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2012BlogRoad Rights

Road Rights – Bike-On-Bike Collisions

By July 26, 2012October 23rd, 2021No Comments

More bikes on the road means safer roads, as drivers learn to keep their speeds legal and to drive more carefully. But before the roads get safer, there’s a learning curve where drivers adjust their habits and take cyclists into account.

But how does the increasing number of bikes on the road affect other cyclists, and who’s at fault in a bike-on-bike collision? First, as our numbers grow, so does the need to learn how to ride safely around other cyclists.

Riders experienced at riding in groups—for example, competitive cyclists, club cyclists, and touring cyclists—have already developed the skills necessary for riding safely with other cyclists. For cyclists new to group riding, this is part of the learning curve.

But still, crashes happen, and they can involve any number of factors. In a race or on a training ride, two riders might cross wheels, or maybe an improperly glued tubular tire comes off. On a group ride, passing too close to a solo cyclist who is unaware of the fast-approaching group may result in one or more cyclists going down. On a trail, somebody might make unsafe passes. On a city street, a cyclist might be riding head down, or against traffic, or without lights at night—and of course, somebody might just blow a stop sign and broadside another cyclist. Somebody makes a mistake, and there’s a crash.

If a cyclist was careless and caused another cyclist to crash, the cyclist at fault may be responsible for the other cyclist’s injuries, including things like medical bills, lost wages, property damage, and pain and suffering.

With competitive riding and other organized group riding, there’s an added wrinkle: a liability waiver will likely be involved, in which the cyclists agree to assume the risks inherent to their sport. In racing, crashes are one of the risks inherent to the sport, so when you race, you’ve assumed the risk of crashing, even if the crash was caused by another rider’s negligence. This means that the negligent cyclist can’t be held liable for your injuries. However, there are limits to this—for example, you have not agreed to assume the risk of being injured by another rider’s recklessness, or even worse, an intentional act.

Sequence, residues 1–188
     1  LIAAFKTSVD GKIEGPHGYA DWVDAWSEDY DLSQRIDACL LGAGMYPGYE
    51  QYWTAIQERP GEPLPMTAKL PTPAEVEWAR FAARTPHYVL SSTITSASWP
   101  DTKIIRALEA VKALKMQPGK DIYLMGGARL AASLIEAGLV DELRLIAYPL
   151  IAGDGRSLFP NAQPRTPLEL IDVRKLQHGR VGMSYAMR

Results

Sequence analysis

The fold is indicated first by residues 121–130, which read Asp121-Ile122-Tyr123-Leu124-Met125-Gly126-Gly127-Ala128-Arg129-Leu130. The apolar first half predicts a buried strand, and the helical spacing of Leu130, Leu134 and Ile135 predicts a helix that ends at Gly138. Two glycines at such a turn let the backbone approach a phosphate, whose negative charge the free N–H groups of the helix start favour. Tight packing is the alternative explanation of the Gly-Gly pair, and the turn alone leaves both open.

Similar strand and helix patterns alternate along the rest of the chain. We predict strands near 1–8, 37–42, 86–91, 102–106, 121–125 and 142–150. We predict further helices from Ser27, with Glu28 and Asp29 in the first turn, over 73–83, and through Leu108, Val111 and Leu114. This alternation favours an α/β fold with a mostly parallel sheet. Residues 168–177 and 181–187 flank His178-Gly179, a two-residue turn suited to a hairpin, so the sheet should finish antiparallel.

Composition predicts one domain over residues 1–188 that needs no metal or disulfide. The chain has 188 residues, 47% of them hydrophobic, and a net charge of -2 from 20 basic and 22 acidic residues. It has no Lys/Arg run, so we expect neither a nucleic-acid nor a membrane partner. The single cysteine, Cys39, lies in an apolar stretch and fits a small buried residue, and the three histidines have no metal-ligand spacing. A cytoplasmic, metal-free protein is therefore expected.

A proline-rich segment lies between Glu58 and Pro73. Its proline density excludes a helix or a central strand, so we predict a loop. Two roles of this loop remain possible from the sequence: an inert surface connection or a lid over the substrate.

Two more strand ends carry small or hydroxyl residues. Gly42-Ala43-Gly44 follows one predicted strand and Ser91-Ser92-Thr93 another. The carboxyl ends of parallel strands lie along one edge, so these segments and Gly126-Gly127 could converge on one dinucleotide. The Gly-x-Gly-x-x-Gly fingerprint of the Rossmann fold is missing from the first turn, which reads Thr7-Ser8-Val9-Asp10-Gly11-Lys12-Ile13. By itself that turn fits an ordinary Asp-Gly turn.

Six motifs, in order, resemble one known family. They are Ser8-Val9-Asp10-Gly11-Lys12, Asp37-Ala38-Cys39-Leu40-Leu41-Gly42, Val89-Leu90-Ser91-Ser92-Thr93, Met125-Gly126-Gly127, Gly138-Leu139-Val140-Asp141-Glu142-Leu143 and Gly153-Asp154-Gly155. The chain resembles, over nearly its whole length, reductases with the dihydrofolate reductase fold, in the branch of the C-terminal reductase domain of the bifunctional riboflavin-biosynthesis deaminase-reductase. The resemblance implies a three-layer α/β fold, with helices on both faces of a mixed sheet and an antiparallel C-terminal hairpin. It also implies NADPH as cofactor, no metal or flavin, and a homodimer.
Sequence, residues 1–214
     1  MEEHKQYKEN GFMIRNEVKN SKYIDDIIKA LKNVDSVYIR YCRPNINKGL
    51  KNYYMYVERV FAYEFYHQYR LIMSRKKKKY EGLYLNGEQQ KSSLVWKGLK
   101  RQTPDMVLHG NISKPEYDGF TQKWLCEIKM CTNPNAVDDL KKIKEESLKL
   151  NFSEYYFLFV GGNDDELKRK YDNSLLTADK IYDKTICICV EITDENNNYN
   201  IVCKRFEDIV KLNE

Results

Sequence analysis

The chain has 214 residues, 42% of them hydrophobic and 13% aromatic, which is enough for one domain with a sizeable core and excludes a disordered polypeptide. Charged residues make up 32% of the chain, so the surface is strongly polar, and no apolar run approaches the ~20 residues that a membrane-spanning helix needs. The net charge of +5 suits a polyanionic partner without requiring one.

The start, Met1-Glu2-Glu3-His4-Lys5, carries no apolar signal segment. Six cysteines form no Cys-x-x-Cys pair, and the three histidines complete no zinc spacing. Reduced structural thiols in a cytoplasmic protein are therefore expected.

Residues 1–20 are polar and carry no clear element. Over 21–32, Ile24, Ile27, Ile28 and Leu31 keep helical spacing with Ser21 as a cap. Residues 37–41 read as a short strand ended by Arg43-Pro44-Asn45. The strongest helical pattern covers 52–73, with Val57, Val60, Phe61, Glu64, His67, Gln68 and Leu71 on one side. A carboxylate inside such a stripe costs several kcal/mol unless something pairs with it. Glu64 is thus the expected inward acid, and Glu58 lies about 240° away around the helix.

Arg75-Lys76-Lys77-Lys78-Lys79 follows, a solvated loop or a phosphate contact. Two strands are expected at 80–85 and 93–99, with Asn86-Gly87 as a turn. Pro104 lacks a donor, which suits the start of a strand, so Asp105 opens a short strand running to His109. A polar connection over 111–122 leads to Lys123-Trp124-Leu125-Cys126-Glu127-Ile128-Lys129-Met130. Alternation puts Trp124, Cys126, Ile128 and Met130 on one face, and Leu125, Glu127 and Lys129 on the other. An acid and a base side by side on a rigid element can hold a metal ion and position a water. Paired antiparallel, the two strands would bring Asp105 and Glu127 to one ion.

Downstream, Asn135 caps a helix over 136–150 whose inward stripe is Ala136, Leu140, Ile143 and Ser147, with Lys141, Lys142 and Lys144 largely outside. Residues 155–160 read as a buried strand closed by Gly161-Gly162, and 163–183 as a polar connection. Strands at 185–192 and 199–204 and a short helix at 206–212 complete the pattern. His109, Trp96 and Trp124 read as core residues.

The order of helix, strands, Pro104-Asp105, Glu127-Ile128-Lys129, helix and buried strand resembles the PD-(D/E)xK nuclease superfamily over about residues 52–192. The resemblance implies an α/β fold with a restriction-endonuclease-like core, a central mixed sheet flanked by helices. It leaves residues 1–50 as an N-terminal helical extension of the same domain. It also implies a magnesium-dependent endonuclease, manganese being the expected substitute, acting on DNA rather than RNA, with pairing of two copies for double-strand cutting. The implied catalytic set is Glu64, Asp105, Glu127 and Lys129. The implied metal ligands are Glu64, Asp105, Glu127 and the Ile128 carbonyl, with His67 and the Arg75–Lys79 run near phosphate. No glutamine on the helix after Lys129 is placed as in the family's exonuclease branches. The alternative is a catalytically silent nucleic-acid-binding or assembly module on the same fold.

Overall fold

Whatever the cause, bike-on-bike collisions are going to become more common, as more people, many with only recently-acquired riding skills and little understanding of safe riding practices, take up cycling every year.

The good news is that riding skills improve with practice, and understanding how to operate a bike safely around others improves with education and experience. And that means, over time, as we adjust to seeing more bikes on the roads, we will all learn how to make biking, and our roads, safer.

Research and assistance by Rick Bernardi, J.D.


This article, Bike-On-Bike Collisions, was originally publiched on Biycling on July 26, 2012.

Now read the fine print:
Bob Mionske is a former competitive cyclist who represented the U.S. at the 1988 Olympic games (where he finished fourth in the road race), the 1992 Olympics, as well as winning the 1990 national championship road race.
After retiring from racing in 1993, he coached the Saturn Professional Cycling team for one year before heading off to law school. Mionske’s practice is now split between personal-injury work, representing professional athletes as an agent and other legal issues facing endurance athletes (traffic violations, contract, criminal charges, intellectual property, etc).
Mionske is also the author of Bicycling and the Law, designed to be the primary resource for cyclists to consult when faced with a legal question. It provides readers with the knowledge to avoid many legal problems in the first place, and informs them of their rights, their responsibilities, and what steps they can take if they do encounter a legal problem.
If you have a cycling-related legal question, please send it to Bob will answer as many of these questions privately as he can. He will also select a few questions each week to answer in this column. General bicycle-accident advice can be found at
Important notice:
The information provided in the “Road Rights” column is not legal advice. The information provided on this public web site is provided solely for the general interest of the visitors to this web site. The information contained in the column applies to general principles of American jurisprudence and may not reflect current legal developments or statutory changes in the various jurisdictions and therefore should not be relied upon or interpreted as legal advice. Understand that reading the information contained in this column does not mean you have established an attorney-client relationship with attorney Bob Mionske. Readers of this column should not act upon any information contained in the web site without first seeking the advice of legal counsel.